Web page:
We slice through the water in a black lacquered sampan to a rice field in Cai Lay. We then take tea in a mint green French colonial mansion; nibble petit-fours and enjoy veteran performers play Delta blues on one-string guitars. All the excursions are elective and small, so you make friends fast. My lot are mainly British. They are hungry for the authentic intimacy of a day of punting low through floating markets and haggling on foot.

The staff on the Scenic Spirit
The staff on the Scenic Spirit

The onboard experience sailing on the Mekong with Scenic

Although Scenic does not suggest a dress code I notice that my favourites, Sally and Tony, are Indiana Jones by day and Bridget Jones by night. They swap out combat pants and cameras for heels and sequins at sunset. The mixture of tramping respectfully through small schools and nunneries by day and dancing madly under the moon by the pool was just right. In a strange way, “looking” at Vietnam from the water and eye-level vessel-to-vessel makes me feel less intrusive.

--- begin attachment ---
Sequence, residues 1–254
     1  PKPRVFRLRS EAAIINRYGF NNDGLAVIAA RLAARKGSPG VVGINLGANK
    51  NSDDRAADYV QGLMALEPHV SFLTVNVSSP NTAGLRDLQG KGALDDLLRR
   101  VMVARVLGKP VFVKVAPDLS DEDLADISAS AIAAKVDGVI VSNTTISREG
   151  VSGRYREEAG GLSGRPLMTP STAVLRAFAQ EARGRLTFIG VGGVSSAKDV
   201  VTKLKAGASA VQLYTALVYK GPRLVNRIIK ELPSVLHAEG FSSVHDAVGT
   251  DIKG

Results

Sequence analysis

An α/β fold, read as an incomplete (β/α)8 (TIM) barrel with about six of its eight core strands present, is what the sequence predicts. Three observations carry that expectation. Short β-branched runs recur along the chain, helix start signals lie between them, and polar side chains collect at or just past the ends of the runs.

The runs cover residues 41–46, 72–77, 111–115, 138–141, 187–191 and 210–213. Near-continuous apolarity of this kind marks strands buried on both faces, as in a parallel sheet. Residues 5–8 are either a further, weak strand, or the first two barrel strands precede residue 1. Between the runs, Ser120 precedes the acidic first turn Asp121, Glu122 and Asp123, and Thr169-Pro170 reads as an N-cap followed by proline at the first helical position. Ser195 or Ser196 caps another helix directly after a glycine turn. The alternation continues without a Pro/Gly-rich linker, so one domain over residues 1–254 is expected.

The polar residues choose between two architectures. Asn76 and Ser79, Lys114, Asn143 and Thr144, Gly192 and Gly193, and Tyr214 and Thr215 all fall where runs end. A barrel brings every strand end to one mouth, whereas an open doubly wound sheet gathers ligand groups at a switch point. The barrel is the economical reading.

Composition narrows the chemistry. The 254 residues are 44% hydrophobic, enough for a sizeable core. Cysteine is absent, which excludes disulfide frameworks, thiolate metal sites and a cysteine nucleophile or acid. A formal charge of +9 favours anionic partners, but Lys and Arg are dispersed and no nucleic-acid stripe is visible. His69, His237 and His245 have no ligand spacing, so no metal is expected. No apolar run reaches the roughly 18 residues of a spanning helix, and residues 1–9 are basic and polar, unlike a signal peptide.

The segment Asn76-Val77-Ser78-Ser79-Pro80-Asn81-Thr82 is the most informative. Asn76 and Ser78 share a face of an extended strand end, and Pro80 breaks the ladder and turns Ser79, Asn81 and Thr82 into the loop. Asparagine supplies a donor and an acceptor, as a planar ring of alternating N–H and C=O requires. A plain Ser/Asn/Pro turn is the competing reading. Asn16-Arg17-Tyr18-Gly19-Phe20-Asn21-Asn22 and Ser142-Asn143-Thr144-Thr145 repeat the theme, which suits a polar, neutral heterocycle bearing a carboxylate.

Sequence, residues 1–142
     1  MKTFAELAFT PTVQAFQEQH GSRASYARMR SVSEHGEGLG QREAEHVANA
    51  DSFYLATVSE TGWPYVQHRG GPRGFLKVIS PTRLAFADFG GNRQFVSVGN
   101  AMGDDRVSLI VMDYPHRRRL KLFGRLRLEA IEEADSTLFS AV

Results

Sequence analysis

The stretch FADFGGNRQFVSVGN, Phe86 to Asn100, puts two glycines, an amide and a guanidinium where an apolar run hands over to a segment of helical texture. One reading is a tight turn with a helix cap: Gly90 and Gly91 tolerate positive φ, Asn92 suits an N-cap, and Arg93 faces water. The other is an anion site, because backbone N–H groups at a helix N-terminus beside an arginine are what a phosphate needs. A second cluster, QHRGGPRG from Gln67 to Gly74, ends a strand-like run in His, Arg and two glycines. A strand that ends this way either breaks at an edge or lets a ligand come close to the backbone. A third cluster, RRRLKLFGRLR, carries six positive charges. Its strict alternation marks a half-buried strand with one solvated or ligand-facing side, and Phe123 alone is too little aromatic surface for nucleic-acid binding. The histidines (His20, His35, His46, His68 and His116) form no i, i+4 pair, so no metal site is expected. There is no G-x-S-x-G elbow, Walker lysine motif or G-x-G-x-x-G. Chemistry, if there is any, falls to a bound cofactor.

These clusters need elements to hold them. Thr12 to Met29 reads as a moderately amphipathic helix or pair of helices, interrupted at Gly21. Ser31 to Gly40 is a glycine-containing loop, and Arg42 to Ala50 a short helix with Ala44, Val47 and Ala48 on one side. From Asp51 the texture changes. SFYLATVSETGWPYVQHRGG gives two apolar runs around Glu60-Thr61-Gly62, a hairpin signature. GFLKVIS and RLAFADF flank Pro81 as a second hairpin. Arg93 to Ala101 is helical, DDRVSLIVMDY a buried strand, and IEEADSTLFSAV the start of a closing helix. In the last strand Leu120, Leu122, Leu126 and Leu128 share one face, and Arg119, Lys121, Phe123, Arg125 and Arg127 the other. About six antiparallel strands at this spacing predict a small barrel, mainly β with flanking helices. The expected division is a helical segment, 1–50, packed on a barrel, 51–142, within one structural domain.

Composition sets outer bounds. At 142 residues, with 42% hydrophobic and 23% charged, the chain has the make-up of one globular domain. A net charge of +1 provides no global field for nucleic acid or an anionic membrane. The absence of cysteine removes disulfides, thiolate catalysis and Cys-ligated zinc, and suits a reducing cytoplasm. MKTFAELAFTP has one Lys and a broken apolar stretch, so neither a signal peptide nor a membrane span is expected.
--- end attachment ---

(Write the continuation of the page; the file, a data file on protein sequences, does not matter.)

And I feel more bonded to everyone we met. Peering into what looked like rusted iron dollhouses perched on stilts, and raffia-roofed barge-homes, we are met by waves of genuine smiles that washed through us all in waves. When we step back onto Scenic Spirit to cool towels mocktails and butlers ready to clean our sneakers, a street market buffet is laid out like a luxe parallel universe.

The food

Food on Scenic Spirit is both an event and an unfolding cultural map. The young Burmese chef Oka Wibawa and his incredible team have a theatrical storytelling approach to cuisine. The first-night gala dinner is French infused, with sabayon, jus, baked duck, pate amuse bouche and sophisticated citrus-based dessert. Breakfasts are split between the steak -and-eggs crew. And the spa-driven, with an array of astonishing fruit and baked treats that change each day.